We recommend, and it is a requirement in some jurisdictions, that a Spiri user also be a qualified, licensed operator of the robotic vehicle, even if the only use anticipated is autonomous flight. The following are qualifications we recommend for anyone who intends to use Spiri:
- a drone operator's certificate or license issued or approved by the appropriate regulatory authority,
- a first aid certificate,
- a certificate of completion or similar credential on programming autonomous missions.
Any Spiri user should also complete in full the tutorial we provide for basic use, the Spiri Level 0 Basic Tutorial. We encourage users to upgrade their knowledge and skills through practice and study.
There are numerous settings on Spiri that govern what actions it takes when its battery is depleted, when it finds itself outside a set distance from its launch position, when it loses internal or network communications, when it loses the ability to navigate visually or through global navigation satellite systems, when it bumps into something, when it calculates that it cannot complete a mission, and so on. These are programmed into the flight controller, and you can adjust and customize them either through a graphical user interface such as QGroundControl, or by using the scripts we provide for this purpose. These scripts assign all the safety settings with one command. This is faster and less prone to error than using the GUI, and it enables you to build up a repertoire of settings for different missions. This way, you may maintain settings that are appropriate for all the different locations and conditions in which you operate.
The practice we recommend is that you leave the original script, spiri_params.sh, alone, and create adjustment scripts, mission_name_params.sh, for particular mission environments. When you switch from one set of parameters to another, do it in two steps:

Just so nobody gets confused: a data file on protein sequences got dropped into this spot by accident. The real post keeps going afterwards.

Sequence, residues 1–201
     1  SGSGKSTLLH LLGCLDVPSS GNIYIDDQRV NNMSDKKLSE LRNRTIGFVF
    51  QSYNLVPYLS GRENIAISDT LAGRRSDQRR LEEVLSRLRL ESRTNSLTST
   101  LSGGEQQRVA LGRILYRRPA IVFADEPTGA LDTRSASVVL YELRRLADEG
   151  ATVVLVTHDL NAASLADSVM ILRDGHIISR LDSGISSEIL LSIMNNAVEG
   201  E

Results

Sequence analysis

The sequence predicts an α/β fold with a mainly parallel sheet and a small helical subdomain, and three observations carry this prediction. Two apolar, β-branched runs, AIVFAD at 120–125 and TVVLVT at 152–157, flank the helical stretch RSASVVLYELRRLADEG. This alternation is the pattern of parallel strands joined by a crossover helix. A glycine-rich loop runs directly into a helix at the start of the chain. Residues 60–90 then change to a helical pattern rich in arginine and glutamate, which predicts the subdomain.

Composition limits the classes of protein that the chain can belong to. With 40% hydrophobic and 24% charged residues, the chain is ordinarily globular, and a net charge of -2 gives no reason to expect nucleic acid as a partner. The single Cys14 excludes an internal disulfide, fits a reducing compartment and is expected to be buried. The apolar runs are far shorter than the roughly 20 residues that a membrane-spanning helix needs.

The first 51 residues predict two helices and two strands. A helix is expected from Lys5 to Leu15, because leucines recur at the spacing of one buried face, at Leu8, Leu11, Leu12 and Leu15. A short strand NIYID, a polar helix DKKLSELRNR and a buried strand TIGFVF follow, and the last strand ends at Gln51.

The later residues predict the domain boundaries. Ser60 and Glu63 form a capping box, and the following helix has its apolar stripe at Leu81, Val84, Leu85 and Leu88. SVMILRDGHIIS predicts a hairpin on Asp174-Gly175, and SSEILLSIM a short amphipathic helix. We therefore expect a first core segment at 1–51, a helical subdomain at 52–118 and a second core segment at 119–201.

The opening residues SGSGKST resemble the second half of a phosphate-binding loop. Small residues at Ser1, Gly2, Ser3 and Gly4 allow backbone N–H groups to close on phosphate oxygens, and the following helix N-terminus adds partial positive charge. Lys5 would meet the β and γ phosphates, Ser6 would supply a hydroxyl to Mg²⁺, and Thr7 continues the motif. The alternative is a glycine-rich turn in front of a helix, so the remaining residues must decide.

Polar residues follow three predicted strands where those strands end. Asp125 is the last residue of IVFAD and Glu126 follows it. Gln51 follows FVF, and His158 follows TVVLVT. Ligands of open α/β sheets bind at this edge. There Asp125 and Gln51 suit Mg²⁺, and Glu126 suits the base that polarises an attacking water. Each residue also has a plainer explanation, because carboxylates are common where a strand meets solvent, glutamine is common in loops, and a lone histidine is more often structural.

- Run our spiri_params.sh script;
- Run your mission_name_params.sh script.
As an example, consider two mission areas: in one, there is low, flat terrain with overhead power lines at a height of 10m; in the other, there is a variety of meadow and forest, with the top of the trees at 35m. There is a safety setting, in the event you need to abort the mission and land at the nearest rally point, that assigns a height for the robot to fly. In the first case, you would want to set that height safely below 10m and in the second case, you would want to set it safely above 35m. This is a situation where your safety action, if you fail to set it appropriately, could cause a major accident.
Geofences and Rally Points
A geofence provides a boundary outside which Spiri will not wander. A simple geofence can be defined by a radius limit and a height limit relative to the robot's starting location. A suitable geofence provides reassurance that your robot will not stray into restricted airspace or accidentally wander away and lose contact with you. In setting up a geofence, the principle is straight-forward: proscribe any area where you do not want Spiri to go. This may include power line rights of way, highways, or other danger zones, depending on your mission.